During monsoon season, it seems like Manila itself becomes a disease vector. It doesn’t take a major typhoon to flood the city. A long, hard rain from the southwest trade winds can drench, and even seriously flood Manila. And standing water, in a city of 13 million with uneven sewage-management systems, becomes an incubator for communicable diseases.
The floods can carry diarrheal illnesses or cholera, which is spread through water contaminated by the feces of an infected person. Leptospirosis comes from water tainted with rat urine and enters through cuts, sores or mucous membranes. At its mildest, leptospirosis feels like the flu, but if left untreated, can devolve into kidney failure, bleeding lungs, neurological problems and even death.
Small puddles can propagate mosquito-borne diseases, like dengue, which has exploded dramatically over the years (the Philippines has one of the highest infection rates in Southeast Asia). Chikungunya fever, another mosquito-borne illness that has no cure, reached global epidemic proportions in 2004.
It’s a lot to worry about. While medical solutions like vaccines or prophylactic antibiotics can help manage these diseases, Dr. Julie Hall, the World Health Organization’s representative to the Philippines, says, “The most important [factor] is city management, the management of the water itself.”
This means preventing floods through good drainage and infrastructure, year-round management of the mosquito and rat populations, building public awareness of how these diseases are contracted and making sure there’s clean water, good sanitation and quick cleanup after a flood.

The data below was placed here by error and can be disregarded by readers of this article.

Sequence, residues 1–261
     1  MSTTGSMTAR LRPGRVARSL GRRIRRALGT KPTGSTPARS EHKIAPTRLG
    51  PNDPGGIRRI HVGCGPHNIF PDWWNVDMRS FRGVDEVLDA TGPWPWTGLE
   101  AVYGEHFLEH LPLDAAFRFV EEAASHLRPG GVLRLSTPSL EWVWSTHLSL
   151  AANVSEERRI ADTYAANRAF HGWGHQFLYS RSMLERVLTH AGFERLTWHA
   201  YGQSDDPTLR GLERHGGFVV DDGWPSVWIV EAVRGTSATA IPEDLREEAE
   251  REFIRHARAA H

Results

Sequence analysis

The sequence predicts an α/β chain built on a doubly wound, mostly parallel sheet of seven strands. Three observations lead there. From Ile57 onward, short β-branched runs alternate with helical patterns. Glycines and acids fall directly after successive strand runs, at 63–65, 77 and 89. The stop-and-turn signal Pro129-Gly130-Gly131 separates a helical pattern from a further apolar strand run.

Hall also stresses the importance of community involvement, an area where the Philippines has come up with some innovative solutions.
Olongapo City, two hours north of Manila, suffered a deadly leptospirosis outbreak last year, and this rainy season, the local government has put a bounty of the heads of all the city’s rats. Each dead rat brought in earns the catcher 10 pesos (23 cents). In the week since the program started, residents have brought in 44 dead rats. It’s surely a tiny fraction of the rats in Olongapo, but the city’s health administrator says reducing the number of rats was never really the point – it was to raise awareness about leptospirosis with the quirky campaign.
The Philippine Department of Health pushes “the 4 o’clock habit” to make preventing dengue an everyday afternoon activity. Residents are encouraged to dump out cups of water and other potential mosquito breeding grounds, tidy up often and put on trousers and long-sleeved shirts.
Other cities have taken this further, setting up “dengue brigades.” Hall says these brigades have “a big party-like atmosphere where everyone goes out as a community, takes responsibility for the community that they live in and cleans up.” Less garbage means fewer rats urinating everywhere and potentially spreading leptospirosis. It’s an initiative Hall describes as fun and “quite innovative.”
After Typhoon Haiyan, the World Health Organization started supporting water-quality testing in areas affected by floods or disasters. This allows local authorities to use a kit to test the water supply for contamination, which, Hall says, allows for “more data on where the contaminated water is, and quick responses to make sure no one is drinking contaminated water.” People will know whether to boil water or add chlorine before anyone gets diarrhea or catches cholera.
“These diseases,” Hall says, “aren’t inevitable after flooding, but they do need to be actively managed.”